American Journal of Clinical Neurology and Neurosurgery
Articles Information
American Journal of Clinical Neurology and Neurosurgery, Vol.1, No.2, Sep. 2015, Pub. Date: Aug. 24, 2015
Source Reduction Practices for Mosquitoes (Diptera) Management to Prevent Dengue, Malaria and Other Arboborne Diseases
Pages: 110-116 Views: 1919 Downloads: 1236
[01] Muhammad Sarwar, Nuclear Institute for Agriculture & Biology (NIAB), Faisalabad, Punjab, Pakistan.
Progress in control of arboborne (arthropod bites to person) diseases focuses mainly on chemical interventions like residual sprayings and insecticide treated nets, so problems of using pesticides continue to exist in many countries. Non-chemical control program using source management for mosquitoes control has been promoted or tested in several experimental projects. Source reduction primarily aims to prevent development of aquatic stages of mosquito’s larvae by reducing breeding source primarily involving methods like filling, drainage, drains and drainage in irrigation schemes. But sustained implementation of source reduction practices is uncommon and insufficient support available is as well. This paper presents case studies from various states, which demonstrates that source reduction to prevent mosquitoes is cost-effective to fight against dengue, malaria and other arboborne diseases effectively in rural and urban areas, and can underpin economic development in prone areas. After identifying principal breeding sites responsible for diseases transmission, it is urgent to apply selective larval control action, which has been called species sanitation. Housing conditions might be improved, and water supply and sanitation facilities can also be taken as a primary step to establish source management. Many breeding sites can be identified along nearby banks of river, sea, or other water holding bodies for modification and vegetation clearance. Environmental management strategies might prove to be sustainable over the long-term enabling development of state by effectively controlling diseases. Comprehensive and integrated mosquito management program including use of adulticides or larvicides, source management, zooprophylaxis, aerial space spraying and using coils, screens and repellents are essential. During epidemics, indoor and outdoor residual sprayings are generally conducted, commonly using insecticides against adults and larvae. Mosquito days can be initiated to activate the local community for source management through draining pools and canals, filling pools of stagnant water, and personal protection. But interest in developing non-pesticidal approaches has been growing especially as mosquitoes have developed resistance. This recommends, motivates and introduces to citizens to reduce mosquito-borne diseases through environmentally sound strategies that require no cost outlay. Arboborne diseases control based on source management can be non-toxic, feasible and cost-effective, and demonstrates the feasibility of sustainable bioenvironmental vector control. Key points of success are combination of multiple interventions adapted to local conditions, community participation, awareness raising, surveillance, decentralisation, local capacity building, intersectoral collaboration, improvement of public health system, income generation, involvement of civil society organizations, regional cooperation and support by local research.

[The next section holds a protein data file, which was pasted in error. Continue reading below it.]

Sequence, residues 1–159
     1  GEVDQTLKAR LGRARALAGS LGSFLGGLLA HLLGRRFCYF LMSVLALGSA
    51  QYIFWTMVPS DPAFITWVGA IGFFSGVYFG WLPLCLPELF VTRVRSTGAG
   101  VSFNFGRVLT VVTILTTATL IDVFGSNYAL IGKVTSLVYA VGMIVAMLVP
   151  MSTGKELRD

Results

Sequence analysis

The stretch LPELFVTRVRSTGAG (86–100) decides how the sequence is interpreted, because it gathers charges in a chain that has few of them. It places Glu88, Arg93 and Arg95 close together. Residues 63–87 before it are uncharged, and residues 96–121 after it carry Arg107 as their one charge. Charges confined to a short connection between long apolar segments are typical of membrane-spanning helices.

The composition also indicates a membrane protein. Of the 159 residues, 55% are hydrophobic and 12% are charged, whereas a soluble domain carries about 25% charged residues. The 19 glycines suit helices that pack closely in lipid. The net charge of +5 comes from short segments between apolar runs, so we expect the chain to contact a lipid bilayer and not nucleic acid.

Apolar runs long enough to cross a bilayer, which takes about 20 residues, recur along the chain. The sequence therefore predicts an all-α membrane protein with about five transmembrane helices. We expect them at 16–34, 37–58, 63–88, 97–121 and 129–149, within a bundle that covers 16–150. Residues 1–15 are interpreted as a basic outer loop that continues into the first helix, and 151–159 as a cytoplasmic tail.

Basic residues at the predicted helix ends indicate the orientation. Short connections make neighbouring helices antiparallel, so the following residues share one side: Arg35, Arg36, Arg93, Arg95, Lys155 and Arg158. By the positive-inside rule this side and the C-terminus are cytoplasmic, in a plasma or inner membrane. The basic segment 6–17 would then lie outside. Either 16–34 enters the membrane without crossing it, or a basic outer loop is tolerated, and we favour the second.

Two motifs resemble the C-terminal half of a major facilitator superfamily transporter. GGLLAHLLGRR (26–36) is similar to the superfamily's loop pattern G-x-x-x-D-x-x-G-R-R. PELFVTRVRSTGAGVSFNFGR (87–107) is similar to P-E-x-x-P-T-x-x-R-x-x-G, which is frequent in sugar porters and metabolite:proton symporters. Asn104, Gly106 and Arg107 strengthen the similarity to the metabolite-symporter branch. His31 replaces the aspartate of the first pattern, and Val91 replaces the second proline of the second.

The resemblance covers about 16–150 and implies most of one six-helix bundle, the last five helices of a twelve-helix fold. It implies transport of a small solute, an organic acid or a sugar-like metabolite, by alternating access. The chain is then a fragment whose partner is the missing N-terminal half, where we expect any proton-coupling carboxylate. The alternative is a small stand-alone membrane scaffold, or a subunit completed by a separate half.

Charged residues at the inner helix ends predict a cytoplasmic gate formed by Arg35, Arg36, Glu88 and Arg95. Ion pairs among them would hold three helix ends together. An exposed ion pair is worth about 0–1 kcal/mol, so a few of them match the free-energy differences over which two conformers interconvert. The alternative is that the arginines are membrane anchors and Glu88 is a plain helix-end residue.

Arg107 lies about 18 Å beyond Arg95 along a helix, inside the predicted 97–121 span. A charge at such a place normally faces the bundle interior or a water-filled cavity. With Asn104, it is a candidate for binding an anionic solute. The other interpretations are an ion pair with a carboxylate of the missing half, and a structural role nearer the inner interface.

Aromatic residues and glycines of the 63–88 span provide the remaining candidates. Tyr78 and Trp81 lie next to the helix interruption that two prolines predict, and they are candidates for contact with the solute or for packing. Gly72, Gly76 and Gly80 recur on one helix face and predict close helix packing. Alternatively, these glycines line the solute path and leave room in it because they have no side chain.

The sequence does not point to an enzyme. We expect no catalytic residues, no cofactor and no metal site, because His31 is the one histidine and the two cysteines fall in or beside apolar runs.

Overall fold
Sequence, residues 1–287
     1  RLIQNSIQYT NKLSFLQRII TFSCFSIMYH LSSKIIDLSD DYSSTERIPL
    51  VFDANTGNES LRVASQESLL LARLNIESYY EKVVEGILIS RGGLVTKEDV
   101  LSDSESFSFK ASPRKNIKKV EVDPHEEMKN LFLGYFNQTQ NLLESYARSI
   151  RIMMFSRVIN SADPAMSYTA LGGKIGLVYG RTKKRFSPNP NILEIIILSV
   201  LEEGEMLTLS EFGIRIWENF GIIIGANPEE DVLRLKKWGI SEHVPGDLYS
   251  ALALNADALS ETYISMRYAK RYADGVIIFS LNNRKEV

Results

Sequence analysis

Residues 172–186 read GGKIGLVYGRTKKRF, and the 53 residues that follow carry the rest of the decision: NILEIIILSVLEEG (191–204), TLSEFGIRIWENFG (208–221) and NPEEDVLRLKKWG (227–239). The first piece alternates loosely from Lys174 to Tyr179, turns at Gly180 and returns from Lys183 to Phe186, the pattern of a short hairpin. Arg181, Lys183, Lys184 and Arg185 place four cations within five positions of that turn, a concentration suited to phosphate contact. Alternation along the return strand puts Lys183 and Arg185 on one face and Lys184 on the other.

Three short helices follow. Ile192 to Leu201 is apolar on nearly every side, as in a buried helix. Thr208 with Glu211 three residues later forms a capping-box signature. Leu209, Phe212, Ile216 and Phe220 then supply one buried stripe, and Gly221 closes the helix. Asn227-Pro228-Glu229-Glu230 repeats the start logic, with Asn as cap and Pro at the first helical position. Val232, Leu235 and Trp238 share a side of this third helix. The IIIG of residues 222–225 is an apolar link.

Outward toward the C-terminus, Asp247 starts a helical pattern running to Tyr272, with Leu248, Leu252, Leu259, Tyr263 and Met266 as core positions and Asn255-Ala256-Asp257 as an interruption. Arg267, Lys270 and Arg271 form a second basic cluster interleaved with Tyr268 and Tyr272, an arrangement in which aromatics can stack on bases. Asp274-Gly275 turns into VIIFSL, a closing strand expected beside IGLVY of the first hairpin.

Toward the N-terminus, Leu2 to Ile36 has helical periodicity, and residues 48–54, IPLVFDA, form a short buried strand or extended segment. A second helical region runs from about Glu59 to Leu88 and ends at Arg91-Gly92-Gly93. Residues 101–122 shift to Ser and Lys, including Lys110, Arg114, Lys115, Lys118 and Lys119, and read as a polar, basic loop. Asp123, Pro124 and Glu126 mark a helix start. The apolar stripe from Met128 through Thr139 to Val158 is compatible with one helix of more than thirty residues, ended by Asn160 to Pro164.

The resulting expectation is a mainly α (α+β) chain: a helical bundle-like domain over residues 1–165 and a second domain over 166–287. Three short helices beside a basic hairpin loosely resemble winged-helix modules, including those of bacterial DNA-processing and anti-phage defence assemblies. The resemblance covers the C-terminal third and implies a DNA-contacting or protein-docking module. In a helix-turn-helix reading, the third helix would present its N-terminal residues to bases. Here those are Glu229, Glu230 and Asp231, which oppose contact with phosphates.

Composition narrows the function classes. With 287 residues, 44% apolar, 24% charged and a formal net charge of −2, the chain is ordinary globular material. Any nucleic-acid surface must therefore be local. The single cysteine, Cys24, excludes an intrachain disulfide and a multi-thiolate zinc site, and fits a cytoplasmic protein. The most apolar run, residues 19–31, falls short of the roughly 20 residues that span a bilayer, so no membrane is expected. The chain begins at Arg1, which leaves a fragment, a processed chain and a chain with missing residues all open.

Source Reduction, Mosquito Control, Sustainable Vector Control, Dengue, Malaria
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